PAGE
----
Aspergillus and other fungal infections are common causes of morbidity and mortality in lung transplant recipients. Most patients receive prophylaxis against fungal infections, but the optimal regimen has not been defined. The purpose of this study was to assess the efficacy of voriconazole as fungal prophylaxis.
We retrospectively reviewed data from 56 lung transplant recipients. Group A (n = 23) consisted of patients who underwent transplantation after the introduction of voriconazole prophylaxis. Group B (n=23) consisted of patients transplanted immediately prior to the introduction of voriconazole, in whom itraconazole was used as prophylaxis. Both groups received inhaled amphotericin B during their initial hospitalization adn continued oral antifungal prophylaxis until one year post-transplantation. The primary endpoint was positive BAL fungal cultures during the first year. We also assessed clnical events related to aspergillus and overall mortality.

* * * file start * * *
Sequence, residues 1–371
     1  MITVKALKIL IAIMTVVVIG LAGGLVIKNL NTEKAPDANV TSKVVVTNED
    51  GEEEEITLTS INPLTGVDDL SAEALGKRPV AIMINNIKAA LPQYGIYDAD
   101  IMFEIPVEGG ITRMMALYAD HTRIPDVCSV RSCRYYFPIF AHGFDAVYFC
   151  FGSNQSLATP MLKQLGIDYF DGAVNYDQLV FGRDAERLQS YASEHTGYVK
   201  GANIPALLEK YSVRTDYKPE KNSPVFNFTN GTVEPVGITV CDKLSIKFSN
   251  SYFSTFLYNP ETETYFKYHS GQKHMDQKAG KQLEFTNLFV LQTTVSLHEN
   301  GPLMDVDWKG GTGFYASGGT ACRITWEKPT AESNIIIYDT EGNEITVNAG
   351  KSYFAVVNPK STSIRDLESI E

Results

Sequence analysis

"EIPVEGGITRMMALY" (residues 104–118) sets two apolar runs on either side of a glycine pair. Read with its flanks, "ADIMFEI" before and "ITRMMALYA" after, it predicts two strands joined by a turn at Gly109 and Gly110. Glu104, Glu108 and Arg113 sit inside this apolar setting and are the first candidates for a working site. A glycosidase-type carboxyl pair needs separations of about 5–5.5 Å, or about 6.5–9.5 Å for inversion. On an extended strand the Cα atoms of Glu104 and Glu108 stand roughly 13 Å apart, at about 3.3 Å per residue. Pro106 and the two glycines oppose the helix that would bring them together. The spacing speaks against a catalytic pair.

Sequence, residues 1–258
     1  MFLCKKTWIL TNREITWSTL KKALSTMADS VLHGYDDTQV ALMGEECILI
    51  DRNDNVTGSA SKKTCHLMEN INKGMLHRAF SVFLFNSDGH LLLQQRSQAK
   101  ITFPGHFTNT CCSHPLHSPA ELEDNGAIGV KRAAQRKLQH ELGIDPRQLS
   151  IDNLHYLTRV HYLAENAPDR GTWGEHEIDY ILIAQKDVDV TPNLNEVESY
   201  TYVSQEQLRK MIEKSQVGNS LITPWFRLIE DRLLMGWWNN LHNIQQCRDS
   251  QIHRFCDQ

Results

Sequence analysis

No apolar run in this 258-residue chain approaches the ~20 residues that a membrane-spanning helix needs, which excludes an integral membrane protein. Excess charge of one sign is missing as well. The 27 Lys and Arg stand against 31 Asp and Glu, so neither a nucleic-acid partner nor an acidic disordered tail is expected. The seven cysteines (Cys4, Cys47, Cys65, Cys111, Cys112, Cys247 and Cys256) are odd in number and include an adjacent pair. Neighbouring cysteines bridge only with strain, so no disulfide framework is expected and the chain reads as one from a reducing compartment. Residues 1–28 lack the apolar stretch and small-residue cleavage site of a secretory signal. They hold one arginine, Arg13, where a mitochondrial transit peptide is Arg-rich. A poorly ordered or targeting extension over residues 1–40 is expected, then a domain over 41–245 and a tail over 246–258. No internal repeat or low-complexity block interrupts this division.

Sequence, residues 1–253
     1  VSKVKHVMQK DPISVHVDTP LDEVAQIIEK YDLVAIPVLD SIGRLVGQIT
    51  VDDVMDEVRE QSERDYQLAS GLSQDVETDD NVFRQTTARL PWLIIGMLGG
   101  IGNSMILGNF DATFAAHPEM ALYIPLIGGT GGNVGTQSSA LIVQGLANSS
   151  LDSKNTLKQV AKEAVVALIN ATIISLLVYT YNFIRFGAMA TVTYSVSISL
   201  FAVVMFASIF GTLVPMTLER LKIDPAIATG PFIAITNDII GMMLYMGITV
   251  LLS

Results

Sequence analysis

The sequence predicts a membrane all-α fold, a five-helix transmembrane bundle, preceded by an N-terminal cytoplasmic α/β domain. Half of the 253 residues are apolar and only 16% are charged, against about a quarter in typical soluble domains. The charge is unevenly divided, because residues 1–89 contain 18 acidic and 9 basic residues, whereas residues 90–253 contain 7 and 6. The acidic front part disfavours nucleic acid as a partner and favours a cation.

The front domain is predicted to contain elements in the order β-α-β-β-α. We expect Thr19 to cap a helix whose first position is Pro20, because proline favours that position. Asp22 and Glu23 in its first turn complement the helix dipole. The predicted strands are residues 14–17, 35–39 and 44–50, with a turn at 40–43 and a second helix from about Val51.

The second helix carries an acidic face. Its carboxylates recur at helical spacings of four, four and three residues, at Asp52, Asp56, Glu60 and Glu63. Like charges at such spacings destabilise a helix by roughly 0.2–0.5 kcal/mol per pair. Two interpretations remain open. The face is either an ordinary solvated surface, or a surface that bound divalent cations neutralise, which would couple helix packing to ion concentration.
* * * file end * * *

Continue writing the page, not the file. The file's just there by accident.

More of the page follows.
The incidence of patients with positive bronchial cultures for aspergillus at 1 year was 5/28 (18%) in the group A and 10/28 (36%) in group B (p = 0.134, ns). At the time of recovery of aspergillus, 4/5 (80%) patients in group A were actually receiving voriconazole, versus 90% (9/10) in group B receiving itraconazole. The incidence of patients with positive bronchial cultures for candida was 0 in group A versus 50% (14/28) in group B (p = < 0.0001). At one year, there was one clinical aspergillus event in each group, non-fatal in group A and fatal in group B. There was an additional fatal aspergillus event in group B at month 25, as well as an episode of scedosporium sepsis at month 13.
In our lung transplant population, the use of voriconazole results in decreased airway colonization with aspergillus and candida.
These findings suggest that voriconazole is effective antifungal prophylaxis for lung transplant recipients. The overall low rate of clinically significant fungal events do not allow any further conclusions to be drawn.
John Sherner, None.